Fianna Fáil future leadership contender Jim O'Callaghan says get ready for border poll
ONE of the main contenders to succeed Micheál Martin as leader of Fianna Fáil has urged his party to collaborate with the SDLP in preparing for a border poll.
Dublin Bay South TD Jim O’Callaghan believes there has been a greater focus on the constitutional question since the EU referendum and that its importance is likely to increase over the coming years, with momentum towards Scottish independence feeding into the debate.
His remarks, made in interview with Slugger O’Toole, come less than a week after the taoiseach ruled out a border poll in the next five years.
Mr O’Callaghan, a brother of RTÉ broadcaster Miriam O’Callaghan, also said that he would like to see Fianna Fáil merge with the SDLP and contest elections in the north.
He said Mr Martin was “not shying away” from a referendum on Irish unity, describing his party leader as a “republican”.
“His goal is my goal and he wishes to see the reunification of the two jurisdictions on the island but he has a lot of experience in dealing with the sensitivities of the politics of the issue,” he said.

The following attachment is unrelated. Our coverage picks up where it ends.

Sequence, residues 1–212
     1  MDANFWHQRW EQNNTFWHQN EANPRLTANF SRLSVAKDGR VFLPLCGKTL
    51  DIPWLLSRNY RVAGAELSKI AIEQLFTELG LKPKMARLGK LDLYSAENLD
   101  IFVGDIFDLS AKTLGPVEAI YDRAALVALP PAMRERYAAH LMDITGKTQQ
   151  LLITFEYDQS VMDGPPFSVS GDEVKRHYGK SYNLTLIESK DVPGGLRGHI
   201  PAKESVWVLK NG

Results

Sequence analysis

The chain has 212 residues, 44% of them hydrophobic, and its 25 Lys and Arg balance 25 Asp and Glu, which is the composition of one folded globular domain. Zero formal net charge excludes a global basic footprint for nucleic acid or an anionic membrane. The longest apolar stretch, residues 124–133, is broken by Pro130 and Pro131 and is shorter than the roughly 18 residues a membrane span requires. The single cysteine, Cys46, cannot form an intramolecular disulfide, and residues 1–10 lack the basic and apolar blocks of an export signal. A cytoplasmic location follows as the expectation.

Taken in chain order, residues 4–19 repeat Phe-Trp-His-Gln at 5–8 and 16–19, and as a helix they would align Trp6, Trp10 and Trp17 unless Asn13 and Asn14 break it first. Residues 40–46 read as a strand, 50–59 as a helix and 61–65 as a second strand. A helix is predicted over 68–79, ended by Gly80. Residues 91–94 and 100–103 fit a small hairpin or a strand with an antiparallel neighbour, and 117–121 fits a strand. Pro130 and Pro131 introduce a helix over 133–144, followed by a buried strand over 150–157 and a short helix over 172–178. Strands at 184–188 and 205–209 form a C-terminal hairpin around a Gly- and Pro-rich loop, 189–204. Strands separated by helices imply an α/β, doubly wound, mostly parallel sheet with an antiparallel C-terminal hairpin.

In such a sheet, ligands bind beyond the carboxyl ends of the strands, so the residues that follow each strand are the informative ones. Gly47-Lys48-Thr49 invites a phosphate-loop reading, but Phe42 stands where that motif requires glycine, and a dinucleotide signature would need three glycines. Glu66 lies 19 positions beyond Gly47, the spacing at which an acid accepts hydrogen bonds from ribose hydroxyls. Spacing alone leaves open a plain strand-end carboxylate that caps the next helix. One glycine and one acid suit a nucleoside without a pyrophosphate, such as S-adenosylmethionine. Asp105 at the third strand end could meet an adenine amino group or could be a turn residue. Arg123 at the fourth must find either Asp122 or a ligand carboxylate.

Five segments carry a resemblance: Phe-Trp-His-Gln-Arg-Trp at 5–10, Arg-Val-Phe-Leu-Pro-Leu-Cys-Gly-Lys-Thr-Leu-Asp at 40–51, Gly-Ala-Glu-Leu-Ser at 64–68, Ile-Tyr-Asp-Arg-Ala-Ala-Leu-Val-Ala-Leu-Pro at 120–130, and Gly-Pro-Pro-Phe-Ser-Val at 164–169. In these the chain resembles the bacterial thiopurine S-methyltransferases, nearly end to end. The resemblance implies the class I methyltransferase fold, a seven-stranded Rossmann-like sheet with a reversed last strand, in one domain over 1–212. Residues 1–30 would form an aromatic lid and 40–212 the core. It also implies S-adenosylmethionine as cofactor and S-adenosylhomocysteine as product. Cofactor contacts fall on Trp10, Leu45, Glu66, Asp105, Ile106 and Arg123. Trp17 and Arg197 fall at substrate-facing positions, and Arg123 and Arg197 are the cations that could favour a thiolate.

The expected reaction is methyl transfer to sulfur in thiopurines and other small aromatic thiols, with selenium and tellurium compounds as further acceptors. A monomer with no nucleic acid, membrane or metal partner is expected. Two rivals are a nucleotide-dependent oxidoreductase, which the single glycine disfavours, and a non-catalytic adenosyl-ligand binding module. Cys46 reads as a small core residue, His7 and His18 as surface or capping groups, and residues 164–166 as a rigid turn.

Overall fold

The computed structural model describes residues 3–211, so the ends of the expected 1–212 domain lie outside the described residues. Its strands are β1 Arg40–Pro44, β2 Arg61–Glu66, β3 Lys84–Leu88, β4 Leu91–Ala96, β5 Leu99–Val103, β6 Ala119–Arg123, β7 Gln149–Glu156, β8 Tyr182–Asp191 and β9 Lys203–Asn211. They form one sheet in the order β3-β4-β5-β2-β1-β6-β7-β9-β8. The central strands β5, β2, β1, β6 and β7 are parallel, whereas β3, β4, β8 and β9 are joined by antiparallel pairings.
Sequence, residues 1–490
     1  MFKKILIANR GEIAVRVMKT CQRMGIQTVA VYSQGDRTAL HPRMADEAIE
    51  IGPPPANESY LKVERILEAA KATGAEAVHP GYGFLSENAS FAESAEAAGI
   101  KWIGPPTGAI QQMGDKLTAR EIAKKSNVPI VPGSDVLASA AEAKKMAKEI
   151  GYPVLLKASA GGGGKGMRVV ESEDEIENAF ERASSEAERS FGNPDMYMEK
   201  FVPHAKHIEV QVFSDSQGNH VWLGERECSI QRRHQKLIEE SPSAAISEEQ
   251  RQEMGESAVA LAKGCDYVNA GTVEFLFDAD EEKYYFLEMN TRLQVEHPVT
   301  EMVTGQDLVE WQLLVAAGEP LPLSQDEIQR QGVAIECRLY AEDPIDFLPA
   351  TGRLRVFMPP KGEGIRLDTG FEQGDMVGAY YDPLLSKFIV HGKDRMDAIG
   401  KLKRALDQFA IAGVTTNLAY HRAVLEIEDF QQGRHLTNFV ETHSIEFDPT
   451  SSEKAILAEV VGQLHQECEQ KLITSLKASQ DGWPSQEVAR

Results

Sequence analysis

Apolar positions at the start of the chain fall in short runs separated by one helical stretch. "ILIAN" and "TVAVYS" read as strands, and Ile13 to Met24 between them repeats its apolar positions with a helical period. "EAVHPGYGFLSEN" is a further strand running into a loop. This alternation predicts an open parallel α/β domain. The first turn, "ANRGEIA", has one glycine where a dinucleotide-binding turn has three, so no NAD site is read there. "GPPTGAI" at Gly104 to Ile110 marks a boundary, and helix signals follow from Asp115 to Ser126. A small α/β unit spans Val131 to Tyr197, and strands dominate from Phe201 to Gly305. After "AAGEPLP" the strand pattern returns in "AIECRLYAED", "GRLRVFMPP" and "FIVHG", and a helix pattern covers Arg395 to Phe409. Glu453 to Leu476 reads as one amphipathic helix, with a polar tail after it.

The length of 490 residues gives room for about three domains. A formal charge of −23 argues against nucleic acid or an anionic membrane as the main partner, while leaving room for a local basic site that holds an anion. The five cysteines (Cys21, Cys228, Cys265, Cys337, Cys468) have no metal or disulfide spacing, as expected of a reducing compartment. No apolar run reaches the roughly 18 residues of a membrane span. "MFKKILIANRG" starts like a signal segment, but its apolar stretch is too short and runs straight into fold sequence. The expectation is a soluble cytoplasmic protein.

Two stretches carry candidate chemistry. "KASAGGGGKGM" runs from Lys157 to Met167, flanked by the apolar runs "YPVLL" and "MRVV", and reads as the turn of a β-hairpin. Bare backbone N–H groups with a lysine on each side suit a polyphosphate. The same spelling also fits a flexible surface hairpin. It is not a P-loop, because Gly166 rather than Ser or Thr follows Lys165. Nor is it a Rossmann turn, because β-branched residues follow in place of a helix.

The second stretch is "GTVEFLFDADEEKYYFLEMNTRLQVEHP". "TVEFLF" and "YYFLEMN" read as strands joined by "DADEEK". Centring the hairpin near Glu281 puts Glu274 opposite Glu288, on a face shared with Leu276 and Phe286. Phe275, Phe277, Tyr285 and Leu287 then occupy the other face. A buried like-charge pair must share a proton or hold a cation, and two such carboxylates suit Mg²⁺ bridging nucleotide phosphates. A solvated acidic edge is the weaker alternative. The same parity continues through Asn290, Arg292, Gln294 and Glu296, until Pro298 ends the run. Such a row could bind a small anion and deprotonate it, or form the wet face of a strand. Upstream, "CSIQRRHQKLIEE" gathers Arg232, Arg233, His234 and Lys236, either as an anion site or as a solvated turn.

The former Fianna Fáil justice spokesman, who declined a position in the coalition cabinet saying he preferred to remain on the back benches, was non-committal on when a border poll would take place though he welcomed Peter Robinson’s remarks in which he urged unionist to prepare for it.
“I don’t know when it’s going to happen but I do know, as Peter Robinson knows, it is going to happen,” he said.
Mr O’Callaghan said it was “incumbent” on republicans and nationalists to “put forward our vision” of a united Ireland.
“It will be for the secretary of state to decide but we can’t simply wait around,” he said.
“My fear is that a border poll would end up the same way as the Brexit poll, which was chaotic – people just had simplistic poll about ‘get me out of the EU’ and nobody knew what was going to happen.”
The Dublin Bay South TD argued that together Fianna Fáil and the SDLP should put forward a “constitution for what would be a new Ireland”, adding that the pursuit of independence was his party’s “founding principle”.
“Let’s not shy away from it,” he said.
“Each side and various other sides should present their views on the preferable constitutional position – let’s debate it, let’s prepare for it and let’s vote on it and let’s move on from it.”
He likened the partnership between the two parties announced in January last year as a “couple engaged for years” and that he would like to see them merge.
“Fianna Fáil is a republican party – we believe in the unification and independence of Ireland and if we’re serious about that it necessarily means we should be contesting elections in Northern Ireland,” he said.
The Irish News contacted Fianna Fáil and the SDLP regarding Mr O’Callaghan’s remarks but neither made any comment.